Illegal structures have been found in the Bank of America Tower in Hong Kong’s central business district, posing a fire safety hazard.
The Buildings Department has ordered the bank to remove the structures on the 17th and 27th floors of the 37-story block.
The two floors are used as emergency evacuation areas in case of fire.
Several offices and storage facilities were found on these floors during a government inspection, Apple Daily reported Thursday.
Building manager Jones Lang LaSalle said the storage rooms are temporary and are meant to be removed once ongoing engineering works are completed.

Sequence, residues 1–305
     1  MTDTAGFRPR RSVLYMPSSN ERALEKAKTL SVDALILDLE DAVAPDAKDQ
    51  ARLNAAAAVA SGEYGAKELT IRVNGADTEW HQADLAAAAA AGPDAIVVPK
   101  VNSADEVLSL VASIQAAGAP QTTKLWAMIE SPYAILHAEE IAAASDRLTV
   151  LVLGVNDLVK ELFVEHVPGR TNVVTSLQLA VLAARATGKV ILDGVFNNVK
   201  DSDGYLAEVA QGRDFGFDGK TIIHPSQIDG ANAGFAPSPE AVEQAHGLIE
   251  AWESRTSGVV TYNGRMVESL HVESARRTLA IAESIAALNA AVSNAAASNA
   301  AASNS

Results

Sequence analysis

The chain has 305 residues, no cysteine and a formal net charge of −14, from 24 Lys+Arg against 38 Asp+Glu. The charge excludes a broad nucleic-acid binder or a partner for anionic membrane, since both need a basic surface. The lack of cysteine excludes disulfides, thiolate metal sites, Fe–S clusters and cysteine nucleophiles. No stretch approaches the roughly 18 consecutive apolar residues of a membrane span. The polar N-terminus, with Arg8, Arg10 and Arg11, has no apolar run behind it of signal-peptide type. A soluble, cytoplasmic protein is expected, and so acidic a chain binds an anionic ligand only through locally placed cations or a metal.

It did not say why offices were also built on the floors, which significantly reduced the fire evacuation area.
Also, inspectors found several ventilation outlets meant to ensure ample air circulation for evacuees had been blocked.
And reporters said the alarm systems on the fire and smoke doors on the 17th floor had been disabled.
The two floors have a combined 16,900 square feet of space, potentially worth up to HK$12.16 million a year in rental income if the entire floors are rented out.
The office tower, which opened in 1975, was the subject of a high-profile fraud case in the 1980s involving Carrian Group founder George Tan, a Singaporean civil engineer.
Bank of America bought the naming rights to the tower in 1983 but shares the building with mainland-based lenders including China Merchants Bank, Minsheng Bank and Shanghai Pudong Development Bank.
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